How to Pay Off Student Loans

As you celebrate finishing your college education and look to begin your career, it’s important to get started with a strategy to pay down any student loans you may have used to fund your education. Here are some tips to help you get ahead of these payments and pay off your loans as soon as possible.

Choose the right repayment plan
While federal student loans offer Income Sensitive Repayment (ISR) plans that set the payment according to your annual income, making the lowest possible monthly payment will not pay your loan off quickly. The longer your loans are outstanding, the more you’ll pay in interest— and this is money that you could dedicate to attaining other financial goals. From the start, try to pay as much as you can afford, up to 10% of your pretax income, for example.
Pay off high-interest rate private student loans first
Private student loan interest rates tend to be based on the prime rate plus a margin, and in a rising interest rate environment, the interest rate on that loan can increase substantially. While interest paid on these loans may be tax deductible, these loans may not have the same flexibility and benefits as federal student loans. Private student loans tend to have less generous deferment and forbearance plans and fewer repayment options. Plus you may not be able to consolidate these loans.
Take advantage of borrower benefits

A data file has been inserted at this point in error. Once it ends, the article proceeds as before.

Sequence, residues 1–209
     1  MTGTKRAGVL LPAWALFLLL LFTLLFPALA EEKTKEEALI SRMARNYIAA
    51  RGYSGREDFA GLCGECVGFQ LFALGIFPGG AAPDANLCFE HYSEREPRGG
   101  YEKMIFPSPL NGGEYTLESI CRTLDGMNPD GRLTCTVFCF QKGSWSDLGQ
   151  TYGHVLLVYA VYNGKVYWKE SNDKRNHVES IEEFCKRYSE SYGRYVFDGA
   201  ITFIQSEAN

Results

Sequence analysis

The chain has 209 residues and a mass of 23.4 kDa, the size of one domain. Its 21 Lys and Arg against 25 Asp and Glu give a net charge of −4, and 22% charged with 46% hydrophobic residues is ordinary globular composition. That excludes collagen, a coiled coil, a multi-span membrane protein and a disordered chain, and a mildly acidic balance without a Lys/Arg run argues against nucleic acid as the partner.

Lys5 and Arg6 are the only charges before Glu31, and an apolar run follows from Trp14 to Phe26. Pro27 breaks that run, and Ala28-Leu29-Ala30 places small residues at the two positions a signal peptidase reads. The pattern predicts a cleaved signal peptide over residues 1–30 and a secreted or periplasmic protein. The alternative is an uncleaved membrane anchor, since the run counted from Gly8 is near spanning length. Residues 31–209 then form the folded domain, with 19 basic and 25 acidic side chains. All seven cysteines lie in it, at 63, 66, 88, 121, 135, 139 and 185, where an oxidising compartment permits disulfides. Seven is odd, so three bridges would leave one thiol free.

You may be eligible for an interest rate or principal reduction if you make a certain amount of on-time payments, and taking advantage of these could save you money. Enrolling in automatic payments may also provide a 0.25% interest rate reduction. Check with your lender to learn about the available benefits.
Seek help from your employer
Some employers offer perks to help employees pay off student loans, and if yours does, be sure to take advantage of these programs. While some are through private employers, others are public-service oriented. For example, government and military personnel may be eligible for student loan repayment programs for qualifying education loans. Teach for America and the Teacher Loan Forgiveness Program are two options for teachers, and nurses may find assistance through the Nursing Education Loan Repayment Program. And those who work full-time in public service may be eligible to have their remaining federal student loans discharged after 10 years through the Public Service Loan Forgiveness program
Understand your tax deductions and credits
Depending on your income, you may be eligible for an above-the-line tax deduction that is subtracted directly from your adjusted gross income. You don’t need to itemize for this deduction and it will save you more than a regular deduction. You can deduct up to $2,500 in student loan interest paid provided you earn less than $80,000. Consult with your tax advisor to understand the deductions you qualify for.
Put excess cash toward your loans
Whether it’s a tax refund, bonus or other unexpected source of income, put all or a portion of these funds toward the principal on your student loans. This strategy will help you pay off the student loan faster and reduce the amount you pay in interest.

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